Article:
Printing on black-and-white paper
The process consists of four major steps, performed in a photographic darkroom or within an automated photo printing machine. These steps are:
- Exposure of the image onto the sensitized paper using a contact printer or enlarger;
- Processing of the latent image using the following chemical process:
- Development of the exposed image reduces the silver halide in the latent image to metallic silver;
- Stopping development by neutralising, diluting or removing the developing chemicals;
- Fixing the image by dissolving undeveloped silver halide from the light-sensitive emulsion:
- Washing thoroughly to remove processing chemicals protects the finished print from fading and deterioration.
Optionally, after fixing, the print is treated with a hypo clearing agent to ensure complete removal of the fixer, which would otherwise compromise the long term stability of the image. Prints can be chemically toned or hand coloured after processing.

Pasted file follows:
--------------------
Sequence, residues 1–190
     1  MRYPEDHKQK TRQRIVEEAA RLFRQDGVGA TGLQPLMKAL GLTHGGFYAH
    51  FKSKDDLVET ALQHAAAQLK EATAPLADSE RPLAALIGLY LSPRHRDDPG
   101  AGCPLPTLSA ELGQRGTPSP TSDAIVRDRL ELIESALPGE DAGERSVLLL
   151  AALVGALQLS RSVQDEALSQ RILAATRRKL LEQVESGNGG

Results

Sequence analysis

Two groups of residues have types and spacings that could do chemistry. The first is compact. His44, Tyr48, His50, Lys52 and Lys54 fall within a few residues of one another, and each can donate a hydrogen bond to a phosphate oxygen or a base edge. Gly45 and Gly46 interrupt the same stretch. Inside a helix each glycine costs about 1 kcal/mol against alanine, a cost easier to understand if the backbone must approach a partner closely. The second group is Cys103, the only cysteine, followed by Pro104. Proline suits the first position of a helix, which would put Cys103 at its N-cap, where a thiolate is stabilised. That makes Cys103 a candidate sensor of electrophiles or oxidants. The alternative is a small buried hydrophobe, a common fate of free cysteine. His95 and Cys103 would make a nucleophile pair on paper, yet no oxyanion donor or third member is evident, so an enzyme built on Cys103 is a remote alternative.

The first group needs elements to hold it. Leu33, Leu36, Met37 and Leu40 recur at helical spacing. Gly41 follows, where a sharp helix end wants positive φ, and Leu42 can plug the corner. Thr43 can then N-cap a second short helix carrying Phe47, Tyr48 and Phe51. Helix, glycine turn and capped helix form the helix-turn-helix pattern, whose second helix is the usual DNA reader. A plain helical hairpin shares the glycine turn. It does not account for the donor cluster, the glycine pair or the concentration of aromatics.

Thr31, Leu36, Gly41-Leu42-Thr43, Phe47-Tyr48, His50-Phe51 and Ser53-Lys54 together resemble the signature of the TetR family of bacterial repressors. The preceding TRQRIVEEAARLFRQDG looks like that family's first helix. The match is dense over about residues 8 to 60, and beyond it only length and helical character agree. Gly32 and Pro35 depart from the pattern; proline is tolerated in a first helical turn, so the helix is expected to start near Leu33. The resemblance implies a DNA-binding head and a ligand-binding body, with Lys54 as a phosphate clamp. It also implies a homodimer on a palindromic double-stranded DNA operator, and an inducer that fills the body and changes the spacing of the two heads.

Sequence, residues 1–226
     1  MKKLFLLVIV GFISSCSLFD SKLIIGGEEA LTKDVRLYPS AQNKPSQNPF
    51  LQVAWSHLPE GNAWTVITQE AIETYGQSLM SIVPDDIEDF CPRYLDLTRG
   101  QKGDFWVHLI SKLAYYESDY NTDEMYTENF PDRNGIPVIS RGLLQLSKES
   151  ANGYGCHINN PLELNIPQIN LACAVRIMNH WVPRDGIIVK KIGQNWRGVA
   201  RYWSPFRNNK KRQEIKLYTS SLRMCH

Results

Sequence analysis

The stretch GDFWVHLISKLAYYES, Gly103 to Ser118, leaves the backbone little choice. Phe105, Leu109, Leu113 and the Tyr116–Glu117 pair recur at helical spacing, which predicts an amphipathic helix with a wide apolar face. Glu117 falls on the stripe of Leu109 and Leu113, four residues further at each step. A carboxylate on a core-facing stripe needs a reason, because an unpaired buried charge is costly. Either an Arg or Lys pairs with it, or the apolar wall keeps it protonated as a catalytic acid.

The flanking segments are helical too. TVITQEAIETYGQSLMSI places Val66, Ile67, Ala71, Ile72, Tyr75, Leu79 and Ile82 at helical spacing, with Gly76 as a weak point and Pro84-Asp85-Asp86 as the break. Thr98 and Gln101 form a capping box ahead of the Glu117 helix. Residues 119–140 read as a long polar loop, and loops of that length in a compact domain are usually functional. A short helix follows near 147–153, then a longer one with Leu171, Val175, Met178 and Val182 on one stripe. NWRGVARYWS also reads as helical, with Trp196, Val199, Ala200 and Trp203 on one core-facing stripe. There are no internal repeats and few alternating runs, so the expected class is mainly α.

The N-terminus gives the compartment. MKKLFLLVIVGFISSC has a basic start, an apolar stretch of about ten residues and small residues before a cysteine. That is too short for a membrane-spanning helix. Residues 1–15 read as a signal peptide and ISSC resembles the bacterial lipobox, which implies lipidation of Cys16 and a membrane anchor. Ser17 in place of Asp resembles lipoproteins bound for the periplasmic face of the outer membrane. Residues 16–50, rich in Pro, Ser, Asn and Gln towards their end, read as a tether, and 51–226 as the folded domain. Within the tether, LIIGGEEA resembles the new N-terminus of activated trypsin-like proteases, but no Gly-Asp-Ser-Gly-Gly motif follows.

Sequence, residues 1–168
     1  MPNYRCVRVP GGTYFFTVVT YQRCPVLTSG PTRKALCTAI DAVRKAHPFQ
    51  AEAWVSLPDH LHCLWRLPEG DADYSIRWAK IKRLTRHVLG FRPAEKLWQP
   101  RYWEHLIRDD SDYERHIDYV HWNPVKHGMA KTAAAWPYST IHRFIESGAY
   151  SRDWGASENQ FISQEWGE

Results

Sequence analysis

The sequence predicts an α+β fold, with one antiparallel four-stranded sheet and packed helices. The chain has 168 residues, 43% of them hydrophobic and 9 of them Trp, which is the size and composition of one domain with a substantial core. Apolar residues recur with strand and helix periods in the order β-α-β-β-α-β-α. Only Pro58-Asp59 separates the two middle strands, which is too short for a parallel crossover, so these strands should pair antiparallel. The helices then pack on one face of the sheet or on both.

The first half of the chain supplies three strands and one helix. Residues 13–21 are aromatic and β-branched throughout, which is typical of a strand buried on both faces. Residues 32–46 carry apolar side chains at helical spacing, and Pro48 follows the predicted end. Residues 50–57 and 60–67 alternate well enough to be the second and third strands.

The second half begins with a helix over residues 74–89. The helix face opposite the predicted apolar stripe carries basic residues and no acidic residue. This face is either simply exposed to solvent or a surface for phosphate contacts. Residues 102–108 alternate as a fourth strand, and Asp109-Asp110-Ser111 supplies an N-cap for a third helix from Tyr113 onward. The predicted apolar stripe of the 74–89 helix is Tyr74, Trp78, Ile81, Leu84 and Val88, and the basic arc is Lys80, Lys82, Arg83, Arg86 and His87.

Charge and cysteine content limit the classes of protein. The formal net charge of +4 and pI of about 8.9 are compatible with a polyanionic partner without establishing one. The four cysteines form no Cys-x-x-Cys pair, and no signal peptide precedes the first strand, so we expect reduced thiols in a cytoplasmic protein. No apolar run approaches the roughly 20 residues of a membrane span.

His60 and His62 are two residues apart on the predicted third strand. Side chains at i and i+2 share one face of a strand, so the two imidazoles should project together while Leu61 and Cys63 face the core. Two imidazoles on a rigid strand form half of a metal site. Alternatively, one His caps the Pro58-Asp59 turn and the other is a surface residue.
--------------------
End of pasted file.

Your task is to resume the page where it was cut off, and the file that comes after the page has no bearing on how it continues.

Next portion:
Kodak Panalure is a panchromatic black-and-white photographic printing paper. Panalure was developed to facilitate the printing of full-tone black-and-white images from colour negatives – a difficult task with conventional orthochromatic papers due to the orange tint of the film base. Panalure also finds application as paper negatives in large format cameras. It is generally not suitable for conventional black-and-white printing, since it must be handled and developed in near-complete darkness.
Kodak has announced that it will no longer produce or sell this product. However, as of early 2006, it is still available from various online retailers.